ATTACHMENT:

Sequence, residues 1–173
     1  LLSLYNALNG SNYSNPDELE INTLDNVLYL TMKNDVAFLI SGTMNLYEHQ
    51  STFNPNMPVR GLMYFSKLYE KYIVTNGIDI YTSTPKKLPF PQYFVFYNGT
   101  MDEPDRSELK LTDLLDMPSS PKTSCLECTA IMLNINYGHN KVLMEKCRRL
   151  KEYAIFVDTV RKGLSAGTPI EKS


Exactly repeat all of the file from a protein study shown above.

Sequence, residues 1–173
     1  LLSLYNALNG SNYSNPDELE INTLDNVLYL TMKNDVAFLI SGTMNLYEHQ
    51  STFNPNMPVR GLMYFSKLYE KYIVTNGIDI YTSTPKKLPF PQYFVFYNGT
   101  MDEPDRSELK LTDLLDMPSS PKTSCLECTA IMLNINYGHN KVLMEKCRRL
   151  KEYAIFVDTV RKGLSAGTPI EKS